Bacillus coagulans is marketed in India under the brand name Sporlac and has been designated as strain ‘Bacillus coagulans SNZ 1969’ by Sanzyme Limited and Sanzyme Biologics.The strain Bacillus coagulans SNZ 1969 is deposited with Microbial TypeCulture Collection and Gene Bank, India (MTCC 5724P) and Belgian Coordinated Collections of Microorganism (BCCM™ILGM; LMG S−27484). US FDA has determined Bacillus coagulans SNZ 1969 strain as Generally Recognized As Safe (GRAS) based on scientific procedures (US FDA Notification GRN-597).

A Stronger Probiotic: Shielded, Resilient and Survives as the fittest!!

Bacillus coagulans SNZ 1969 shielded by natural capsules called spore. It can sustain hostile gastric and bile acids in human gut and remains stable in highly acidic (pH 2) environment. It is also resistant to high temperature i.e. up to 85°C for 30 min. From production to consumption, it does not show decrement in viability of cell. It sustains extreme manufacturing processes like fermentation, freezing, thawing,drying, and rehydration, making it the ideal probiotic for food applications. The safety and reliability of Bacillus coagulans SNZ 1969 is established not only by scientific studies but also by its unprecedented history of use for 46 years. Bacillus coagulans SNZ 1969 has also been studied for benefits in gut health, oral health and vaginal health.



Disclaimer: These statements have not been evaluated by the Food and Drug Administration. These products are not intended to diagnose, treat, cure, or prevent any disease.

Introduction to Sanzyme’s Bacillus clausii SNZ 1971

Role of Bacillus clausii in gut dysbiosis

Normal microbial flora in the gut (called as gut microbiome) is considered as part of a defence system of gut. Our gut is exposed to unhealthy foods, allergens, antibiotics, and microbial and other toxins which causes adverse deviation of microbiome composition (known as gut dysbiosis). Probiotics bacteria may modulate and cross-talk with gut barrier and helps in replenishing gut microbiome. Bacillus clausii represents one of the most studied probiotics in this context. It also possess properties like resistance to commonly used antibiotics and production of antimicrobial substances against some pathogenic bacteria.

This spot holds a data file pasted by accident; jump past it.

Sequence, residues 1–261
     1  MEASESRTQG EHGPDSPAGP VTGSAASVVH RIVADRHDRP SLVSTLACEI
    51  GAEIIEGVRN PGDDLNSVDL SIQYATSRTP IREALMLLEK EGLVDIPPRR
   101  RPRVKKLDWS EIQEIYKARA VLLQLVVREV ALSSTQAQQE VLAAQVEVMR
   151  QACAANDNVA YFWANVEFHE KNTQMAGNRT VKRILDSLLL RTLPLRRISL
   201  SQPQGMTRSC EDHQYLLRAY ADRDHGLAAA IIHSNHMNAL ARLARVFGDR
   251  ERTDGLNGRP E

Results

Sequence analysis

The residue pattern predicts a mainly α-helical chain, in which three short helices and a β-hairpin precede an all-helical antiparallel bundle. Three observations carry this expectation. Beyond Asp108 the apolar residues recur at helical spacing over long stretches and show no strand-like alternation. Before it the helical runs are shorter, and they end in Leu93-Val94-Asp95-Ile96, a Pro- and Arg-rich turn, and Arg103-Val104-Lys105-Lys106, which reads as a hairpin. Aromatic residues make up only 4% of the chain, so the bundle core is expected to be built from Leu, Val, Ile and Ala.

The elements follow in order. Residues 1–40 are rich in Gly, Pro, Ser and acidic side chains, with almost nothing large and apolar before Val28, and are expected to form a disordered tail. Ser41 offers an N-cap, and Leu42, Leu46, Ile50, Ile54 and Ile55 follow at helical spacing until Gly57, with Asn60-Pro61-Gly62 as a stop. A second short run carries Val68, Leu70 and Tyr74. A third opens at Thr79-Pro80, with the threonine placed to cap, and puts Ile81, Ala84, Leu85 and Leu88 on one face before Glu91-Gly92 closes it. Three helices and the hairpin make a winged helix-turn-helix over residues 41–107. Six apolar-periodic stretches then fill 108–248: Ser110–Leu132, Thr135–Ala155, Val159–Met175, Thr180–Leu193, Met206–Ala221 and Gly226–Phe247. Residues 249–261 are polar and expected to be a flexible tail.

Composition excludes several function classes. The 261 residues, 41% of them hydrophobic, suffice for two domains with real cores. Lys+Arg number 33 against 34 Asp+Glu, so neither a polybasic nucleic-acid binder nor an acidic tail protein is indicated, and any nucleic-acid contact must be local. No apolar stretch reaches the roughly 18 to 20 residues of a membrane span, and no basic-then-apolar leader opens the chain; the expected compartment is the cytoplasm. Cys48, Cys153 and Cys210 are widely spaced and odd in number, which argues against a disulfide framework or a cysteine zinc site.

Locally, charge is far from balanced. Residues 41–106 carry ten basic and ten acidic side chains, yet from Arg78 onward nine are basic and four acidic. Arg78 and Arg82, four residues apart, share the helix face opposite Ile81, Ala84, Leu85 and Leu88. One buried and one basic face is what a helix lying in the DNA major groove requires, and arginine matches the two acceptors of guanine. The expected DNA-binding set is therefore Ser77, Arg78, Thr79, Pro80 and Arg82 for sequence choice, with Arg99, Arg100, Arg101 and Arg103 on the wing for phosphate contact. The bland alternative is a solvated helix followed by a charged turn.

Why Bacillus clausii SNZ 1971

Sanzyme’s Bacillus clausii SNZ 1971 is a spore-forming bacterium that lives in the soil.Bacillus clausii SNZ 1971 is able to survive passage through the hostile environment like gastric and bile acid and germinate in the gut. Hence, though it is not the part of normal resident intestinal flora, it has the ability to colonize the intestine even in presence of antibiotics. By this way it helps in replenishing microbial flora and corrects dysbiosis.

Bacillus clausii SNZ 1971 received self-affirmed GRAS (generally recognized as safe) status and it is intended for use as a food ingredient for consumers in the following food categories: bakery (biscuits, pastries, cookies, brownies, crackers), cereal bars, dairy products (yogurt,cottage cheese, hard cheeses, and milk drinks and substitute products) and vegetable and fruit juices. Bacillus clausii SNZ 1971 has also been studied for its safety and its benefit in gut health.



Disclaimer: These statements have not been evaluated by the Food and Drug Administration. These products are not intended to diagnose, treat, cure, or prevent any disease.